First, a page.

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Wednesday, 24 April 2019

APEX Classic Report as Alerts

I love classic reports.
You can make your data look like anything, out-of-the-box, as previously highlighted by Christina and Carsten.

When you create a classic report, you can select different Report templates via the region attributes. I use the Cards and Alerts a fair bit, allowing me to produce data driven content, instead of whatever I type in the application builder.

This has been the general premise of APEX templates since the beginning. We define a query, and feed those columns to the template, where the values are substituted in.

Alerts Report Template
We can combine this template with the following query, containing matching column aliases.
select 
  'Alert' as alert_title
 ,'Be alert, not alarmed.' as alert_desc
 ,null as alert_action
 ,'danger' alert_type 
 ,'fa-user-woman' alert_icon
from dual
This doesn't need to be from dual, it can be any query you like, as long as it contains those column aliases. Multiple rows will show multiple alerts, down the page. The alert_type can be any of the pre-defined template options for that attribute.

Over time these templates get upgraded, and now we operate with the Universal Theme, we gain access to improvements after verifying the theme.

For instance, APEX 5.1 introduced #CARD_COLOR# attribute to limit the manual CSS required to make it happen.

What the Alerts Report template still lacks is the ability to customise the icon (as at 19.1).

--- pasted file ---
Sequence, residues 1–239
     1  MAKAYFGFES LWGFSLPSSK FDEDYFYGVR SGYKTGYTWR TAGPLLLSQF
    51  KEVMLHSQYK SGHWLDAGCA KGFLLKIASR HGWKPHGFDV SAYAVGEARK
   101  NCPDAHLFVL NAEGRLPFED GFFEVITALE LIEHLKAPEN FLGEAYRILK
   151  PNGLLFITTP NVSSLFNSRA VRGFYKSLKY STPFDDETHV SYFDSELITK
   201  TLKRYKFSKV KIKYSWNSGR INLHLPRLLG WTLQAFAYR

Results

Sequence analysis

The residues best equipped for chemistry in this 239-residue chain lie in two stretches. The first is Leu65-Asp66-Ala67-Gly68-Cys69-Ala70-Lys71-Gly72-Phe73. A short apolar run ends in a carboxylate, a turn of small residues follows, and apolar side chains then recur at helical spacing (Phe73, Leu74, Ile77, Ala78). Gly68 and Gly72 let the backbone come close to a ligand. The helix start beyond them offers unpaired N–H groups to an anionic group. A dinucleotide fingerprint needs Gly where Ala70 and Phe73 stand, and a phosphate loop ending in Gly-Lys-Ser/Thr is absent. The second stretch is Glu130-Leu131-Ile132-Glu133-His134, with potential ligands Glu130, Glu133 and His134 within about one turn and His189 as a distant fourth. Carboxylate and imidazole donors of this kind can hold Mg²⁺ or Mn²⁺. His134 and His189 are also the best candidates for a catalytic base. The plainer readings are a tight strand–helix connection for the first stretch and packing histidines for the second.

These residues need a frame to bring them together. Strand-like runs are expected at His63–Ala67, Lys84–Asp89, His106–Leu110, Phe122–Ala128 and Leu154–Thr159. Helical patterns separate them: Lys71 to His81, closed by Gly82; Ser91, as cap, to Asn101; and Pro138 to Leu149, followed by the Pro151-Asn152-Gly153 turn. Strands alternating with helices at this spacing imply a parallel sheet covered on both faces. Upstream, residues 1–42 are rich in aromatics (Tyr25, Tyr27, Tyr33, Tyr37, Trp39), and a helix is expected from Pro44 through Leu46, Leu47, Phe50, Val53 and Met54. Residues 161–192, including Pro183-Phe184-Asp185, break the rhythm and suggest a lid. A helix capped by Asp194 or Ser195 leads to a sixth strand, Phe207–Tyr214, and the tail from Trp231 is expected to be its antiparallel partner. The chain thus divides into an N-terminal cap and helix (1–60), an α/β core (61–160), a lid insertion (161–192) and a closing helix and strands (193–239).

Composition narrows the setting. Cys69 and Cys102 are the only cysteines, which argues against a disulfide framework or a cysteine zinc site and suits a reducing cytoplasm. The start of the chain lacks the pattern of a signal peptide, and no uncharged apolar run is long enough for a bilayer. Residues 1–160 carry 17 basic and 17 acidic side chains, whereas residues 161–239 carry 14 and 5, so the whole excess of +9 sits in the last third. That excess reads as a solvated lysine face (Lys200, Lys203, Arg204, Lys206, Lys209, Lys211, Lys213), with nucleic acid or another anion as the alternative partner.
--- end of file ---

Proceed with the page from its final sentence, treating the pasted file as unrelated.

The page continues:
We can customise the icon with a declarative Alert Region, by setting the Template Option Alert Icons to 'Show Custom Icons', and specific the icon in the Icon field.

If we want to customise the output of a classic report displayed as an alert, we can use an After Refresh Dynamic Action that executes JavaScript on page load to rejig the HTML of the report.
// replace icon in template, since we can't do it in SQL yet
$('#acting .t-Alert').removeClass('t-Alert--defaultIcons').find('.t-Icon').addClass('fa fa-user-woman')

Here I find the region I gave a static ID of 'acting', then removes the default icons from the component with the t-Alert class.
It then finds the t-Icon class to extend with my chosen icon.
This transforms it to exactly what a declarative Alert region looks like.


This example was built for a report with only one record, but hopefully gives you an idea of the potential these type of events have. Check out similar example here.

Happy APEXing.

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